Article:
Fallen Soldier / Battlefield Cross Tattoo
Fallen Soldier tattoo above on US Marine Sergeant Inman, done at Hart & Huntington, via Grunt.com.
This Memorial Day weekend in the US is a time to commemorate the men and women who died while in the military service. There are many tattoos created in tribute to those lost in war, many of which you can find on sites like Military.com or Grunt.com, from which the tattoo above was posted.
One common motif for military memorial tattoos is that of the Fallen Soldier or Battlefield Cross, as represented here in Sgt. Inman's tribute. As per Wikipedia (which is not a verified source, of course): "The practice started during the American Civil War or maybe earlier as a means of identifying the bodies on the battleground before they were removed. Today, it is an immediate means of showing respect for the fallen among the still living members of the troop." The Wiki page also led to more info found in the US Army's "Soldier's Guide," which offers more on the symbolism of the Battlefield Cross:
Most units prepare a visible reminder of the deceased soldier similar to that depicted in Figure C-1. The helmet and identification tags signify the fallen soldier. The inverted rifle with bayonet signals a time for prayer, a break in the action to pay tribute to our comrade. The combat boots represent the final march of the last battle. The beret (in the case of soldiers from airborne units) reminds us that the soldier has taken part in his final jump.Naturally, there are variations in the interpretation of this iconic tribute, which leads to some interesting research behind the imagery found in so many memorial tattoos.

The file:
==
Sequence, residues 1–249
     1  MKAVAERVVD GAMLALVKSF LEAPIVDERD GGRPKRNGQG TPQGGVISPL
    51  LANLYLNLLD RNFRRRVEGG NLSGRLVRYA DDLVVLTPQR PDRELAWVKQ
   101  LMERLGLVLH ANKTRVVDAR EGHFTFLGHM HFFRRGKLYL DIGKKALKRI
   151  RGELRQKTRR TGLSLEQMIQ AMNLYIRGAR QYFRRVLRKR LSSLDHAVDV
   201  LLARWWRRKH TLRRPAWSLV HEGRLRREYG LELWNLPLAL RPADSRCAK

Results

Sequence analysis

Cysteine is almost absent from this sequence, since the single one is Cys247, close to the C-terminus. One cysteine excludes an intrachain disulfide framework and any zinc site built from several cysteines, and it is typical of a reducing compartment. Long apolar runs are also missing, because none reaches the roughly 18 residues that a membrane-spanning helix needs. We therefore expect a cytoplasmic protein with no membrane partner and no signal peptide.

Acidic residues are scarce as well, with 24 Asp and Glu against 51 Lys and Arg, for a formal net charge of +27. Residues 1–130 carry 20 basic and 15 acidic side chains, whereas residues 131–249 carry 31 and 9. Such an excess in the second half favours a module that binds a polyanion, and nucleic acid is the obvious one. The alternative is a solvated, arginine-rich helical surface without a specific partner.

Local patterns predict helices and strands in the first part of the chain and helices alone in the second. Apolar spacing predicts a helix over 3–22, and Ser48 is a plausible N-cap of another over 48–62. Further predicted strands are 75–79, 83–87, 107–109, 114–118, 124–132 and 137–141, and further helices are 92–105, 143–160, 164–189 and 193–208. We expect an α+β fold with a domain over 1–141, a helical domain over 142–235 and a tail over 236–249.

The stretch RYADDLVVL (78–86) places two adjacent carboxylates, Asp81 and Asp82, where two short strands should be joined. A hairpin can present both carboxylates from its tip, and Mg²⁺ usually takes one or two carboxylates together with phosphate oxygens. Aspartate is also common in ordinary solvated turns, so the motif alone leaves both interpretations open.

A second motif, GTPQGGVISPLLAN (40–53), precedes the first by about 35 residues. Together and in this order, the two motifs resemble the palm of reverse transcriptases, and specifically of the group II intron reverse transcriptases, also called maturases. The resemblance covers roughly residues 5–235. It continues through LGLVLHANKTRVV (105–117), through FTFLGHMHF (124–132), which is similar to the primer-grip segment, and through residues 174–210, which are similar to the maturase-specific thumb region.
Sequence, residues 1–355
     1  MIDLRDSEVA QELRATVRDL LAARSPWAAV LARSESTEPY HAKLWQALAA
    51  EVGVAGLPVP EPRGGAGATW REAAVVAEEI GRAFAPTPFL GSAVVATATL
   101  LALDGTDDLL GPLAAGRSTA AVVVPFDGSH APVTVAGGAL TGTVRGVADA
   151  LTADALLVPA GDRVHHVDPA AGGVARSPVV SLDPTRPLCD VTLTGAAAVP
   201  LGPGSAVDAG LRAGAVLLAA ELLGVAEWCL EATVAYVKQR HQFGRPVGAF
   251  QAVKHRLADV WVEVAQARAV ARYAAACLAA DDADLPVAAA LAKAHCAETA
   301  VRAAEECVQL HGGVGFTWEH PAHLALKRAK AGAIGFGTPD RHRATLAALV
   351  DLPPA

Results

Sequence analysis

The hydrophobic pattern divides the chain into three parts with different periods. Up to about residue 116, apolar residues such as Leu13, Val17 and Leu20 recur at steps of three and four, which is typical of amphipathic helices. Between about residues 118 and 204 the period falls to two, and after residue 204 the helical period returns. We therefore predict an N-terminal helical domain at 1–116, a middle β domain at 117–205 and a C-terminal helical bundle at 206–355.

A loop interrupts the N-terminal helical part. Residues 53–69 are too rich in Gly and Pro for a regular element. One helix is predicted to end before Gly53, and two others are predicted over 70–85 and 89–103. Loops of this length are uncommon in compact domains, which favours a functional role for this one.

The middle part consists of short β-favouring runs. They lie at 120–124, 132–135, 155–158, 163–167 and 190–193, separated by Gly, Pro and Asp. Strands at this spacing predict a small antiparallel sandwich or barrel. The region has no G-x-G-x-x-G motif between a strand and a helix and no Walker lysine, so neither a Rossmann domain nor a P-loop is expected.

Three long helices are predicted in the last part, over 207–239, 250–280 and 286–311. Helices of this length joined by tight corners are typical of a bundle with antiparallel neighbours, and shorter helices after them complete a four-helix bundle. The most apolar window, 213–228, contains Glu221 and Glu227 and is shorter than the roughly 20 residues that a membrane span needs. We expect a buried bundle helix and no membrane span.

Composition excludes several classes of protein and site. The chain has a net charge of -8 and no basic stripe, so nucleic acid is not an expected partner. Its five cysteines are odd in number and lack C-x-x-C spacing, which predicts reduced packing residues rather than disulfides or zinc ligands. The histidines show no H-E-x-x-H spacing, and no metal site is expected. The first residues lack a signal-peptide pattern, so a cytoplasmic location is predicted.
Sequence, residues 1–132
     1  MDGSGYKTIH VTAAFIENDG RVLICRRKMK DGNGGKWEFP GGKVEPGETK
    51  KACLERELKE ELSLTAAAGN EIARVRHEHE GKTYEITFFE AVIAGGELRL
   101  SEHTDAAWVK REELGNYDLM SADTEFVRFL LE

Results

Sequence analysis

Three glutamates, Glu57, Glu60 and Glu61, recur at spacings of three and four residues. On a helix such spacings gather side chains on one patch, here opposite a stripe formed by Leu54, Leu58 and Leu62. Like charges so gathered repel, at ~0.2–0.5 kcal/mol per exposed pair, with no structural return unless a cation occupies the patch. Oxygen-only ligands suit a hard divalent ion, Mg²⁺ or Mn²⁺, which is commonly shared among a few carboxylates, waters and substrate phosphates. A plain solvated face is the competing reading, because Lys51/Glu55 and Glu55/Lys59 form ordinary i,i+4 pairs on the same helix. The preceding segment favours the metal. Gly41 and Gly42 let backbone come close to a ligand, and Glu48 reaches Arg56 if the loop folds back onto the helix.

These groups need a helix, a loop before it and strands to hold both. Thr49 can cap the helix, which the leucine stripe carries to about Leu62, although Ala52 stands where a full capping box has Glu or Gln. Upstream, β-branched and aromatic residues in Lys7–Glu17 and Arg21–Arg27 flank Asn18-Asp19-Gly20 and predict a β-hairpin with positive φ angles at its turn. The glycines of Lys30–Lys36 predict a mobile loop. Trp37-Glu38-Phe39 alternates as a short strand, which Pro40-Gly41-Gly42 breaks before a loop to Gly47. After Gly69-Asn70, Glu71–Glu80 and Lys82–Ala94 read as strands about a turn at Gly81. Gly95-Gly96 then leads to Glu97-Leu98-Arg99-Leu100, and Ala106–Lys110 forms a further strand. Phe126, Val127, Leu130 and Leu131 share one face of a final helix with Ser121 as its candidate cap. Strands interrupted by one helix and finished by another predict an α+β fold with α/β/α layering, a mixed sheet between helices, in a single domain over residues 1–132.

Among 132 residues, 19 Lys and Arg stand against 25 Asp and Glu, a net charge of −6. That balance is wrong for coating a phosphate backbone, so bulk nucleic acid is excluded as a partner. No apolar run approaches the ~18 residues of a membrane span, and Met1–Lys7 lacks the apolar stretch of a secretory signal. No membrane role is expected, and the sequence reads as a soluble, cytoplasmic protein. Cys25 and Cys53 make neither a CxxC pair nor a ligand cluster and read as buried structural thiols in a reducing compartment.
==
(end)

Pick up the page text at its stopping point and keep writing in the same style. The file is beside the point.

See more Fallen Soldier tattoos via Google image.
Also interesting is the history behind Memorial Day itself. In this NY Times article, David W. Blight, a professor of history at Yale University, states that the origins of Memorial Day derived from "a mostly forgotten--or possibly suppressed--event in Charleston, S.C., in 1865 at a racetrack turned war prison. Black workmen properly reburied the Union dead that were found there, and on May 1, a cemetery dedication was held, attended by thousands of freed blacks who marched in procession around the track."
And so, while we take time with family and friends, and for ourselves, this weekend, let's also reflect on the meaning of this day.
Tattoo above by Jerrett of Monarch Tattoo in Washington.